Pets’ Holiday Horrors
Christmas and summer holidays often cause many problems for our animal family members.
Please heed these warnings and take special care of your pets this festive season. Let your family and friends know what to look out for, too.
The most common holiday problem for pets is the consumption of inappropriate foods, which their system cannot cope with. Dogs are particularly prone to pancreatic problems if fed excessive amounts of fat, so giving Fido the fatty off-cuts from the ham or the barbeque steak will often set off a bout of abdominal pain or vomiting. Even in moderately severe cases, this can mean a few days in hospital on intravenous fluids to allow the digestive system to return to normal. Ham can cause gastroenteritis in cats, too.
Fried onions from the barbie can be toxic to pets, causing changes to the red blood cells and anaemia. Keep meat on skewers well away from pets as the sharp sticks are often consumed along with the meat and can perforate the intestines.
Ham bones and cooked chicken bones should not be given to pets, either. Ham bones are salty and usually still have enough fat and meat attached to cause stomach upsets and cooked bones splinter, often causing intestinal obstructions and perforations.
Wrap up prawn peelings and heads carefully and place them in the freezer, as many a sorry pooch or puss has suffered severe food poisoning from finding these tasty morsels in the garbage bin after a few days.
Chocolates are another no-no, as they are toxic in larger amounts. Raisins are also toxic to pets.
Cats are prone to investigate things like fish hooks, which may still have pieces of bait attached. Most summers vets see cats with a hook caught in their lip from lines left in the garage or under the house with a tempting morsel of prawn or fish dangling just within reach.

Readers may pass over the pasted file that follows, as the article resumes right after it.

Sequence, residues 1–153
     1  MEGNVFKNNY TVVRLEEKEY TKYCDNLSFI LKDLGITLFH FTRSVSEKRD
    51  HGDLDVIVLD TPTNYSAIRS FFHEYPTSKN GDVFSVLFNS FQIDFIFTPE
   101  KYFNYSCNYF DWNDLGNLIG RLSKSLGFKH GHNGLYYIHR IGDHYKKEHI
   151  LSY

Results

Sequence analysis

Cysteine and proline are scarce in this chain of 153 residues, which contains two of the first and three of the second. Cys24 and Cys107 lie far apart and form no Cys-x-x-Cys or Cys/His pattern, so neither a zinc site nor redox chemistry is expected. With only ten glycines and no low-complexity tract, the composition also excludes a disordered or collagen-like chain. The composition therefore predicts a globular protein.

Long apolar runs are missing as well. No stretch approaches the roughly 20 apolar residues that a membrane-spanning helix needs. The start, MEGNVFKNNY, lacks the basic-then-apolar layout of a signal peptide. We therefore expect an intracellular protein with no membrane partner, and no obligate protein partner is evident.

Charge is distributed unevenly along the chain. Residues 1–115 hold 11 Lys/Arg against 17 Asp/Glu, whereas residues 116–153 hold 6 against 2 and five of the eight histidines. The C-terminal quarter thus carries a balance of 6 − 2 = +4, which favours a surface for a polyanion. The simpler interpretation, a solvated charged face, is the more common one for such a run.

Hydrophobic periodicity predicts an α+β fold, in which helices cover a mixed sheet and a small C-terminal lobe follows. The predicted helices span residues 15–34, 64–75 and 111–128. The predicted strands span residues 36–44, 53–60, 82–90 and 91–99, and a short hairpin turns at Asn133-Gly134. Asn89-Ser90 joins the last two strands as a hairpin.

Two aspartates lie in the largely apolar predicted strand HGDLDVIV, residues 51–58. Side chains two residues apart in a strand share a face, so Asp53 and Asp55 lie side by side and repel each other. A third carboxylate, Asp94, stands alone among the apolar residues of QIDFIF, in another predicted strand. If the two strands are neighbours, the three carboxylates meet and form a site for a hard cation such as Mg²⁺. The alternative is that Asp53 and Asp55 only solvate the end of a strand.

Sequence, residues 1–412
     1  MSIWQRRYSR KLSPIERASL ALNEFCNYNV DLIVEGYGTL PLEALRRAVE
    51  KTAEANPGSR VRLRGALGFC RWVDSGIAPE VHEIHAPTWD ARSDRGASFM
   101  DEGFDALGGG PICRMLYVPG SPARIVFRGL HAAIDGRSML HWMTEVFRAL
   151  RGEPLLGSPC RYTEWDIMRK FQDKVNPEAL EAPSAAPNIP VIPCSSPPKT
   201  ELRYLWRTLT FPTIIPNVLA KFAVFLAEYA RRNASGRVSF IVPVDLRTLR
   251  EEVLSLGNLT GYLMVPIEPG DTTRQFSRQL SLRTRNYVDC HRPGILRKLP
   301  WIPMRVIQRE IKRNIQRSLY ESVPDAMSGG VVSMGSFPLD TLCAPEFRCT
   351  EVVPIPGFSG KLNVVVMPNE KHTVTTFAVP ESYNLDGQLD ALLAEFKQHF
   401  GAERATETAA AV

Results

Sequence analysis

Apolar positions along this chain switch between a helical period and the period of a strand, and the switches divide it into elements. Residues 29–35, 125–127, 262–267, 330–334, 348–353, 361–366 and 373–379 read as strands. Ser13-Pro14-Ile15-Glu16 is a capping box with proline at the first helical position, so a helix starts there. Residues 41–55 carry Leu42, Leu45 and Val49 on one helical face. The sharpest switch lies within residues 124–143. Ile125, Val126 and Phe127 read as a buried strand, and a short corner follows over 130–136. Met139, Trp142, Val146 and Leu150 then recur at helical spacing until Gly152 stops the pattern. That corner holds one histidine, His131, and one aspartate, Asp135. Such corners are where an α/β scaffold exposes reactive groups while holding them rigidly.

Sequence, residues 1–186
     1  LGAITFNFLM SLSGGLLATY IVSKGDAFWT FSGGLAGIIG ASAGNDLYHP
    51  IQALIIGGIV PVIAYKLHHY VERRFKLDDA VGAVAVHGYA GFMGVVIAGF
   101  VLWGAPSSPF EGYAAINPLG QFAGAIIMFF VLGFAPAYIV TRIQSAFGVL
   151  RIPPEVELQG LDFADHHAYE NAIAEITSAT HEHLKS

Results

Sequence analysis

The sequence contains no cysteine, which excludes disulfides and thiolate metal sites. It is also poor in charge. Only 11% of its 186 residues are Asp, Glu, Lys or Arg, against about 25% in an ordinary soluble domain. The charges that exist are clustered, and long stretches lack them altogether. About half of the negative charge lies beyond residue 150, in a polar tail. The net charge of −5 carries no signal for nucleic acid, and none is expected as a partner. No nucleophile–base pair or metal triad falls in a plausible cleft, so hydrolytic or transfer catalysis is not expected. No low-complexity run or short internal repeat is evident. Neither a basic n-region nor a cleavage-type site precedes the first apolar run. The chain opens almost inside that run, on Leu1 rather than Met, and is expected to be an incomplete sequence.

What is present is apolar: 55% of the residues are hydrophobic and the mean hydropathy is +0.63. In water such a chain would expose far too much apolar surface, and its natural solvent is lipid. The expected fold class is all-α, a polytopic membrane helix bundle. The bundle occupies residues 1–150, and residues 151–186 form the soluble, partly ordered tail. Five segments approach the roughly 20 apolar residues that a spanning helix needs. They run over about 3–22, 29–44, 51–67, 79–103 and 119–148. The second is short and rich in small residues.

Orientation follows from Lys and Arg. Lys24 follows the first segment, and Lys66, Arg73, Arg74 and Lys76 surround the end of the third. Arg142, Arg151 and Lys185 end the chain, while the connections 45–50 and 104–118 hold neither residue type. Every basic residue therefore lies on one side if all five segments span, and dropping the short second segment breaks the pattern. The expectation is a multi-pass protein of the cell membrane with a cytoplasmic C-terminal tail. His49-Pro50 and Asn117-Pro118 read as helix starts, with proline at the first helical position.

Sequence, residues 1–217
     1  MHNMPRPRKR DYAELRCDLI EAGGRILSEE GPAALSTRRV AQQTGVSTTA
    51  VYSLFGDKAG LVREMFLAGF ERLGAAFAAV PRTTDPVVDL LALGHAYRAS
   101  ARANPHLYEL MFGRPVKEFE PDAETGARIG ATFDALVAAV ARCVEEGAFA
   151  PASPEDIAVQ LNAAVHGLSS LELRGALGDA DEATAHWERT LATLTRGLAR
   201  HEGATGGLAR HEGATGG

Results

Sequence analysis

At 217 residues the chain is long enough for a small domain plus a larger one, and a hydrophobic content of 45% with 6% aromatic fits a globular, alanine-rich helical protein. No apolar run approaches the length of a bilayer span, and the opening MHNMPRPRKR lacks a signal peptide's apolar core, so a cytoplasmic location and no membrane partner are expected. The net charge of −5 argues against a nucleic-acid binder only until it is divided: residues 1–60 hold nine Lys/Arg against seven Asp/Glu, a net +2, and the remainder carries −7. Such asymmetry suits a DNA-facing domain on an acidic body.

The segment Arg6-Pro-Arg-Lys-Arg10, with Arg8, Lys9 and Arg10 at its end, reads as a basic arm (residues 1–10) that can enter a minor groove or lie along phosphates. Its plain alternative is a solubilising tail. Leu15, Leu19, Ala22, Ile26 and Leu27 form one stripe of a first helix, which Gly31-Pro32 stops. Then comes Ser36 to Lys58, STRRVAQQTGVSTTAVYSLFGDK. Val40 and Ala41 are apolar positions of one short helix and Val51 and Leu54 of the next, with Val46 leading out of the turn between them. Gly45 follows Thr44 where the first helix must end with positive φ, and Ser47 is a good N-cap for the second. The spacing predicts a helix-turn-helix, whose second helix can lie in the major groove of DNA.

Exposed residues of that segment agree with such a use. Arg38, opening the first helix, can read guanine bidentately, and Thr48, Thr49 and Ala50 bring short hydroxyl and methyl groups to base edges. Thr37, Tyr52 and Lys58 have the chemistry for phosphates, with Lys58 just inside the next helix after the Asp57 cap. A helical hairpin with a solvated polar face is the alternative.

Many plants are toxic to cats, especially lilies and cyclamens. Poinsettias and many berries can cause gastric upsets. You can spray them with diluted lemon juice or citronella oil as a deterrent but it is safer to use native plants as table decorations.
Keep your pets safe from knocking over the Christmas tree, breaking ornaments, getting caught up in tinsel or eating the gifts by placing a baby pen around it, or using pet-safe decorations and propping the tree up in a corner or tying it to a post to prevent it from toppling over.
Snakes can be the silent killers of pets, especially during the warmer months of the year. They come in a variety of colours and sizes. They can be found in most environments and may not be seen. If they begin to move your pets may then chase them. The toxin of a snake bite will affect the central nervous system of your pet and/or cause internal bleeding. If left untreated, this can be fatal.
Signs of snakebite include:
- Dilated pupils
- Rapid pulse
- Vomiting and bloody diarrhoea
For first aid it is important to restrict movement, apply a pressure bandage, but not a tourniquet, then take the animal to the vet immediately.
Insect stings and bites